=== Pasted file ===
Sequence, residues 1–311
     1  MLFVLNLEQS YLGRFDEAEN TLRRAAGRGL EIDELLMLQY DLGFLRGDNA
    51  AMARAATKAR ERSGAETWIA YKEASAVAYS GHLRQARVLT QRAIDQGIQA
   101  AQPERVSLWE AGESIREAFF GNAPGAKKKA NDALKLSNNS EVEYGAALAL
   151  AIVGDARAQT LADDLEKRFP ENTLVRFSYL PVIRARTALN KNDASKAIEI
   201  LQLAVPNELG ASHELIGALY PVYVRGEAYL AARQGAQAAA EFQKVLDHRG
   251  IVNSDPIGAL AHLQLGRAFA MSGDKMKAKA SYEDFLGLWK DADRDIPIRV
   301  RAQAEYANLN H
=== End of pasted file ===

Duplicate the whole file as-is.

Sequence, residues 1–311
     1  MLFVLNLEQS YLGRFDEAEN TLRRAAGRGL EIDELLMLQY DLGFLRGDNA
    51  AMARAATKAR ERSGAETWIA YKEASAVAYS GHLRQARVLT QRAIDQGIQA
   101  AQPERVSLWE AGESIREAFF GNAPGAKKKA NDALKLSNNS EVEYGAALAL
   151  AIVGDARAQT LADDLEKRFP ENTLVRFSYL PVIRARTALN KNDASKAIEI
   201  LQLAVPNELG ASHELIGALY PVYVRGEAYL AARQGAQAAA EFQKVLDHRG
   251  IVNSDPIGAL AHLQLGRAFA MSGDKMKAKA SYEDFLGLWK DADRDIPIRV
   301  RAQAEYANLN H